Sustainable democracy crowdfunding campaign reaches half way point
A crowdfunding campaign that aims to support and encourage a more sustainable democracy has reached the halfway point. Vote for Polices is seeking to raise £20,000 and must now raise just over £9,000 over the next week to be successful.
Vote for Policies is an online service that allows users to compare the policies of different political parties, getting rid of the spin and bias that is often seen in the media. In the run up to the 2010 general election over 280,000 people used the service before polling day, and now the organisation is aiming to reach 5 million individuals before the general election next year.
In order to reach this target, Vote for Policies is calling for people to support its crowdfunding campaign so it can include parties from Wales, Scotland and Northern Ireland, launch a marketing campaign and ensure that the website can cope with high volumes of traffic, as well as working on mobile phones and tablets.
Founder of Vote for Policies, Matt Chocqueel-Mangan said, “After huge success at the 2010 general election, the Vote for Policies service is coming back and my aim is for it to reach five million voters before polling day in 2015.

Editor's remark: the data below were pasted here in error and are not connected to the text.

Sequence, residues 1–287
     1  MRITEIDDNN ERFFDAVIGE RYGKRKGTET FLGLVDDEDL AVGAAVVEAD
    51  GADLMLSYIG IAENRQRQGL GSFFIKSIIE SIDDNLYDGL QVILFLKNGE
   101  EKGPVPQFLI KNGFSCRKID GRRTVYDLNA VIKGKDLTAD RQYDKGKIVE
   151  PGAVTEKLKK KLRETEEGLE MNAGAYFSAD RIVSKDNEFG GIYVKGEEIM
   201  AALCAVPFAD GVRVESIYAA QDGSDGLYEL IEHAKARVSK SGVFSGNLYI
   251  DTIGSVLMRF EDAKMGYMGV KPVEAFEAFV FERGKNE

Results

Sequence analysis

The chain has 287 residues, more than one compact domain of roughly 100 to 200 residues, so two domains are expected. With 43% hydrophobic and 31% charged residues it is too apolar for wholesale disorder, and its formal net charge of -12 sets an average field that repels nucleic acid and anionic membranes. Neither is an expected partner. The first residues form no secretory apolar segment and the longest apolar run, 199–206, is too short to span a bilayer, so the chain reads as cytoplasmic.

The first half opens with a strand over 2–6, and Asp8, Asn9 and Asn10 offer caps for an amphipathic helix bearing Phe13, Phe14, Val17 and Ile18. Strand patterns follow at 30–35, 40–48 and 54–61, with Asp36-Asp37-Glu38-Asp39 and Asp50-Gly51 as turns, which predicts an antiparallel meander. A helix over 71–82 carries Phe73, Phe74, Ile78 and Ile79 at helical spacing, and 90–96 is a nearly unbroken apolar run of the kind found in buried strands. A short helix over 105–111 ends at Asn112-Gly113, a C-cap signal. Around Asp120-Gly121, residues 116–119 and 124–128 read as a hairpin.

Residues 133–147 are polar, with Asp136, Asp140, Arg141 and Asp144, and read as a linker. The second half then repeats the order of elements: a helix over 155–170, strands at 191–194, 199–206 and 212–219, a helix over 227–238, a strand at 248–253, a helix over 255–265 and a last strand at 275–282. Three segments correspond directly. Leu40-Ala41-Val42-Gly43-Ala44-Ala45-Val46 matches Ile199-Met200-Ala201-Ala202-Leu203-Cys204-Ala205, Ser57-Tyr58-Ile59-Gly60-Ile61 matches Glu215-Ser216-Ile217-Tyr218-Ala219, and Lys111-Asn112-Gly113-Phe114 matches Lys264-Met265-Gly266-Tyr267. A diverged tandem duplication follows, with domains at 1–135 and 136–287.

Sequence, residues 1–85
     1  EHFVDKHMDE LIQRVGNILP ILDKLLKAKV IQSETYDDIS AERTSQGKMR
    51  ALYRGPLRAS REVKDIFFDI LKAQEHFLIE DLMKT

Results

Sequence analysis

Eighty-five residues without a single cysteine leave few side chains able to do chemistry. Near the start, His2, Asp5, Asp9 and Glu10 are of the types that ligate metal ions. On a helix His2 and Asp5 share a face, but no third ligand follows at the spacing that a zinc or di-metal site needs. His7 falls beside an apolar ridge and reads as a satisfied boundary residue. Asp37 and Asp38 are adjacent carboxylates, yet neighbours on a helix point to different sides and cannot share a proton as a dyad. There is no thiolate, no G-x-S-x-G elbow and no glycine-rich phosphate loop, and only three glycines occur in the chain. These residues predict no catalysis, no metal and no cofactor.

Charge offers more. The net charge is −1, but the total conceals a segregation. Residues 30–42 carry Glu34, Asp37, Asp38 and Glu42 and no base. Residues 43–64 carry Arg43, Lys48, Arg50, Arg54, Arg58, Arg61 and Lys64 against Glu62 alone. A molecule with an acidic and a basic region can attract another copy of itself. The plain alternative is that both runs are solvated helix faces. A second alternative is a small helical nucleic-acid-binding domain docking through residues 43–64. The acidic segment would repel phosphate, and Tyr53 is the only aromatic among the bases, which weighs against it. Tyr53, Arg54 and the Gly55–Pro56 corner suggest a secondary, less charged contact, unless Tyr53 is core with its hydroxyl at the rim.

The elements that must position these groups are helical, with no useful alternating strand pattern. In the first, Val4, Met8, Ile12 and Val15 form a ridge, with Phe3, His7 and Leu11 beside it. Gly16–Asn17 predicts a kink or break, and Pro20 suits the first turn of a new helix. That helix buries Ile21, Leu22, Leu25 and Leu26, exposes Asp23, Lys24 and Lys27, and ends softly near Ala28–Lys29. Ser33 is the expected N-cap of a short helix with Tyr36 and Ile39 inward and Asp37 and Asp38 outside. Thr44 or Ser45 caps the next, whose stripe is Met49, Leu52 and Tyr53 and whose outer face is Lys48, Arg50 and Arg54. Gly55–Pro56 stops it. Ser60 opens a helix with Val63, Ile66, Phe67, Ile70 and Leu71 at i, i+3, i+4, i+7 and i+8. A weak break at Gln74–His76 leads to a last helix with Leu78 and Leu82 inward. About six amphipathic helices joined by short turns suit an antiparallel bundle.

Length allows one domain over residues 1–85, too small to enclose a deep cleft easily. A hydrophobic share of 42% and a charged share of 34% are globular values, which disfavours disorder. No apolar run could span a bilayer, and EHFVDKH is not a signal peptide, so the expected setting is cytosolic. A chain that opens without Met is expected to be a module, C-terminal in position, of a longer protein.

“In order to fulfil this aim, myself and other volunteers have started a crowdfunding campaign which has to raise £20,000 by the 27th August. You can help millions of voters make an informed decision in the next general election in 2015 by helping us to reach our target. Anyone can pledge an amount, however big or small and it only takes a few minutes.”
Chocqueel-Mangan has previously explained to Blue & Green Tomorrow that by encouraging more people to vote and focusing on policies, it could shift ownership of politics. This vision of a sustainable democracy would create a healthier debate between the electorate and politicians, essentially improving accountability and allowing ownership of politics back to the voter instead of politicians, he said.
To learn more about Vote for Polices, the crowdfunding campaign and to support the service click here.
Photo: Paul Wilkinsons via Flickr
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